Patients with Hard-to-treat Depression Have Options with Esketamine

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As a USPS mail carrier and mother of three, Tricia Duckworth began struggling with depression in her mid-20s. She felt tired, anxious and struggled to find a reason to get out of bed. As her symptoms progressed, she began seeing Karen Broquet, MD, a psychiatrist at SIU Medicine. Through the years, Dr. Broquet and Duckworth tried a variety of drug therapies to treat her depression. Ultimately, she was on the highest allowed dose of Effexor (venlafaxine) and could function on an interim basis. Unfortunately, the side effects were often as challenging as the depression itself.

“I was treated with multiple medications to try to quiet some of the anxiety and depression,” says Duckworth, 43. “I just learned to live with the suicidal ideas that kept popping into my brain.”

She tried electroconvulsive therapy (ECT), a procedure used to treat severe, chronic depression. It is typically used on patients who experience hallucinations, delusions or suicidal thoughts, after other treatments have failed to help.

At one point, Duckworth tried to kill herself and ended up in a coma.

“Some patients have suicidal thoughts often, but do not actually consider taking action,” says Dr. Broquet. “However, in this case, her suicide attempts were incredibly serious and she came very close to succeeding.”

Like many patients who suffer side effects, Duckworth had trouble trying to reduce the dosage on any drug because her depression and anxiety would return.

She would function day-to-day but it wouldn’t take much to trigger her into suicidal danger.

When the drug esketamine was developed as a nasal inhaler, instead of the typical oral pill, SIU Medicine physicians and their patients were part of a clinical trial to test the efficacy of the drug in 2017-2019.

Esketamine is different than the current crop of anti-depressant treatments. Most drugs affect one of three brain chemicals: norepinephrine, serotonin or dopamine. Esketamine impacts a chemical called glutamate, which is the most abundant chemical messenger in the brain. It’s an excitatory neurotransmitter, which means it stimulates the cells, causing the junctions between cells to become stronger and more adaptable.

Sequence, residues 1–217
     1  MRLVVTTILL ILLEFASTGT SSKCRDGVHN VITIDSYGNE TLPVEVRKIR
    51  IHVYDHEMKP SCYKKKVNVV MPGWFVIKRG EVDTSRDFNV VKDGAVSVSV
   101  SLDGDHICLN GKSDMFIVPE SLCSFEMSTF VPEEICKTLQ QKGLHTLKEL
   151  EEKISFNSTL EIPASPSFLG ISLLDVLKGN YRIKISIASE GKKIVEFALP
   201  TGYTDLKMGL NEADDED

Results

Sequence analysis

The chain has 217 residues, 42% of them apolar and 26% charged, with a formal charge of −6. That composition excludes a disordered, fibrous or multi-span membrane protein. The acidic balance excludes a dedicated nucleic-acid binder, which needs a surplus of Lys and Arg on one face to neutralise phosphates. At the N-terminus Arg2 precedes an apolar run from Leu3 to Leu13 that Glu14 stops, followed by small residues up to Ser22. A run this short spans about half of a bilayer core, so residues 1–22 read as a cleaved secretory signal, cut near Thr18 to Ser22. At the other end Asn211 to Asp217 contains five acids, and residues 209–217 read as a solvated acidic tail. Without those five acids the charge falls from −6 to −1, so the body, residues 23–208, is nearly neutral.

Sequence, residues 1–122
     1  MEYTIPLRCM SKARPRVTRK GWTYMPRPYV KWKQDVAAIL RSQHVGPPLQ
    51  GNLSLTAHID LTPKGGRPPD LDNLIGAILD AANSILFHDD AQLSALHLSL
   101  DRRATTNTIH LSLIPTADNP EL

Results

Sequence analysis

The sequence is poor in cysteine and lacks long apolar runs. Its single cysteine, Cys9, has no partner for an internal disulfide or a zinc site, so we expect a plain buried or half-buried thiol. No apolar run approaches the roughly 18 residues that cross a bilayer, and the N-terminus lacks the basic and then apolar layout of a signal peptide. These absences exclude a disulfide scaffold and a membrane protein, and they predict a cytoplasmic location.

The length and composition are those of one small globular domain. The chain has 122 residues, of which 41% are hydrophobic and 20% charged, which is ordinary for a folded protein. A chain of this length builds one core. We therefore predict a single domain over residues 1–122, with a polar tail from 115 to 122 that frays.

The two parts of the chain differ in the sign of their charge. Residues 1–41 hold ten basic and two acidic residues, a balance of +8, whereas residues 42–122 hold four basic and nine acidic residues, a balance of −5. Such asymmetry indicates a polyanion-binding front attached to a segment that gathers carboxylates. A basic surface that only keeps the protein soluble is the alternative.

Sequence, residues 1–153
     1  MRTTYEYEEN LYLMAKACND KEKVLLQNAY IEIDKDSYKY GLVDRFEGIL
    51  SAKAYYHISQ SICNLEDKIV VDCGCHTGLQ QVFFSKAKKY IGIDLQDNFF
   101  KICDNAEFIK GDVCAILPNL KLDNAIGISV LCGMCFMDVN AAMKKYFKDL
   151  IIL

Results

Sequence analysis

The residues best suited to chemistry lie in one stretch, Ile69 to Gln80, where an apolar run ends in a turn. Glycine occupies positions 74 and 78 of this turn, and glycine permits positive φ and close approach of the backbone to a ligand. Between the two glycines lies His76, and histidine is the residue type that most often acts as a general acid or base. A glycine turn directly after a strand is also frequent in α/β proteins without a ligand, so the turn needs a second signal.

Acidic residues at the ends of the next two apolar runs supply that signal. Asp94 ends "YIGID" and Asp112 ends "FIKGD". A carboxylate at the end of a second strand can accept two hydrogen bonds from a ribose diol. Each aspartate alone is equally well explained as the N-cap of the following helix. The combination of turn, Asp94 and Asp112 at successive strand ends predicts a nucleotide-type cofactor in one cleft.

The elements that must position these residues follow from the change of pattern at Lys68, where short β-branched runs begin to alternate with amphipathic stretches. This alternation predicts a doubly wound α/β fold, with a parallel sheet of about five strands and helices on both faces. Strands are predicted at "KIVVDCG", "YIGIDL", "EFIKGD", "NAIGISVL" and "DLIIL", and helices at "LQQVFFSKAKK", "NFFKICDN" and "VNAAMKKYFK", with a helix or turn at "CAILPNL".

Duckworth was not part of the clinical trial group, but in 2019, she was one of the first SIU patients to receive treatment after the FDA approved the drug for use in adults with suicidal thoughts/actions or with treatment-resistant depression.

“We don’t exactly know why it works yet, but we know it does work,” says Dr. Broquet. “Esketamine blocks the receptors, which increases the amount of glutamate available to the junctions. The current theory is that depression is associated with lower levels of glutamate. We think this increasing glutamate is what’s helping our patients with depression.”

“Esketamine is a miracle drug to me.” Duckworth says. She is now receiving only esketamine treatments for her depression and anxiety. “It’s amazing to not have to take a pill every day or to try to come off of those drugs ever again. I experienced a lot of withdrawal symptoms trying to get off of those drugs. I also don’t have the stigma of taking those pills.”

“For people with chronic depression, it’s important to remember that there are multiple new and different forms of treatment available these days,” says Dr. Broquet.

NOTE: Esketamine treatment is given through a nasal inhaler. It must be administered in the clinic, and patients are monitored for two hours after each treatment for side effects.

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